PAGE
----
Split Personality Me

On the set of Callous

When I was a kid, there was a repeated question my father used to ask and it came to my mind today. When I was 10 years old I took piano lessons, a hobby my father supported, but at the same time I was having Taekwondo Classes, an activity my dad really disapproved of, though he gave me the freedom to pursue it. He always repeatedly say :”You are an artist, you should be a sensitive guy, why are you doing Taekwondo?”. That question, in its essence, describes me, and the reason why I am thinking about it is because of my works.

To be honest, I was the one surprised from how my father thought about it. Even though I was a kid, I found it strange that many people are surprised when someone has an interest in things that might appear to be dissimilar, and now as a 33 year old grownup-ish kid, I realize that my way of thinking is a base for the ideas that I created throughout and in the coming years. Examples that might shed some light on my obscured topic is the contrast that can be palpate between my first two books; Psychs is a thriller with ghosts… yes, as weird as it might sound, that story has all the characteristics of an action thriller with some scary elements that ended to be a fine blend. So when my next book, Kima, came out some readers expected to taste the same dish. Instead, the folklore story That both appealed to kids and adults tasted sweeter. Another example is the independent movie which I wrote and directed, Callous. Callous is a horror story, and when you hear what podcasters say about it, you would be surprised when you learned about my next work, The Last Mile.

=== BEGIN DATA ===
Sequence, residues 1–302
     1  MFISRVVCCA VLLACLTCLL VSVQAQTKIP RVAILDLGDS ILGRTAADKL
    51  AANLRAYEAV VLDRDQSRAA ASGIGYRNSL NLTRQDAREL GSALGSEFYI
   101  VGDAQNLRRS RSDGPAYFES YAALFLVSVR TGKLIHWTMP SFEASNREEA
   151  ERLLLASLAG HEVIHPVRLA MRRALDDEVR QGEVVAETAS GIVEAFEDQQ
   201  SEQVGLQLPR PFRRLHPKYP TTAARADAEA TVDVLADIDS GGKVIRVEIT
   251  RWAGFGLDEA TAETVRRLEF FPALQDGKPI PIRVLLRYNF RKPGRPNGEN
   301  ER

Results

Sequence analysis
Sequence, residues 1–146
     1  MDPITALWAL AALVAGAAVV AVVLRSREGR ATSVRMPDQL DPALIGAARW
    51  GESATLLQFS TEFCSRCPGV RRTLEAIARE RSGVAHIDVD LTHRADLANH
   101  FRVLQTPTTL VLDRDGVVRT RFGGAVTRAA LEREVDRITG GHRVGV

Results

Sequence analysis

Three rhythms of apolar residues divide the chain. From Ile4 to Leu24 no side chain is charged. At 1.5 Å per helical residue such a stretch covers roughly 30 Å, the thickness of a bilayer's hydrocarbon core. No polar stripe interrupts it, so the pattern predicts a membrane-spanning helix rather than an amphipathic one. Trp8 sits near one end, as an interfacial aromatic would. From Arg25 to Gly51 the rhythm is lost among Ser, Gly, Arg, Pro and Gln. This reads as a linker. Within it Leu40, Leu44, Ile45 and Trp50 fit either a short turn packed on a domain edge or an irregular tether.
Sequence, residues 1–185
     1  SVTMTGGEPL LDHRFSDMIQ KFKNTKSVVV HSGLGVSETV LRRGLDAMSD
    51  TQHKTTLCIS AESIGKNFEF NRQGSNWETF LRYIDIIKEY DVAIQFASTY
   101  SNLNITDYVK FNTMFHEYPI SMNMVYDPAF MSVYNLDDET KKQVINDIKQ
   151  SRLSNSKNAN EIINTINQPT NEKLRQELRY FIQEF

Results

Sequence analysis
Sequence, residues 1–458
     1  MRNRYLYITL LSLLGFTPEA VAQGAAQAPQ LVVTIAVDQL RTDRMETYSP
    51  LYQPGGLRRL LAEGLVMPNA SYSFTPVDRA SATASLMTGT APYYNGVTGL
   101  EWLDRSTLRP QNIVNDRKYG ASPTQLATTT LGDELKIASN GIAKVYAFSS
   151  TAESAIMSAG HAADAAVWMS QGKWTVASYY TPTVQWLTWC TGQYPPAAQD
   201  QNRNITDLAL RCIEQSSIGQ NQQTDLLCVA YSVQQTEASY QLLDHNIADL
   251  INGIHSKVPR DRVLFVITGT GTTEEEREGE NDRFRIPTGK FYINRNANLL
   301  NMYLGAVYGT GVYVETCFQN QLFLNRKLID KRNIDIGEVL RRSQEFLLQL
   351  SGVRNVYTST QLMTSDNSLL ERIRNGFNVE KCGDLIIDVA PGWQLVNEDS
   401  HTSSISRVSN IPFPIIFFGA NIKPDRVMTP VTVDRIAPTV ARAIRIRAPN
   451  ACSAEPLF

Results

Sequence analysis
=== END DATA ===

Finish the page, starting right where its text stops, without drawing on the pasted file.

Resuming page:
So how can I explain that split personality in my writing? Let me try.

I think it could be traced back to my upbringing. I am by, nationality, Iraqi, but I was not born in Iraq, no, I was born in Kuwait. Now I know what you are thinking; “So you have a Kuwaiti Passport and a couple of oil fields?”. Well, the passport point would be true if I was born in Europe or the Americans or perhaps any place in the world. I couldn’t get a Kuwaiti Passport, so I was born as an expatriate and that’s how I lived my entire life. I traveled and experienced different lives and cultures, made friends from all over the world. Experienced happiness, sadness and melancholy, most probably the latter made me a writer. So that heterogenous combination split my story genres and made them more diverse. I write when I feel excited about an idea that I have, no matter what genre they are in, and I don’t like to stay committed to one genre. Also, every story I write is a combination of genres where I like to play with different emotions, because that’s life, and I like to make my reader relate to anything to their lives, in hopes that it might add something important to theirs’.

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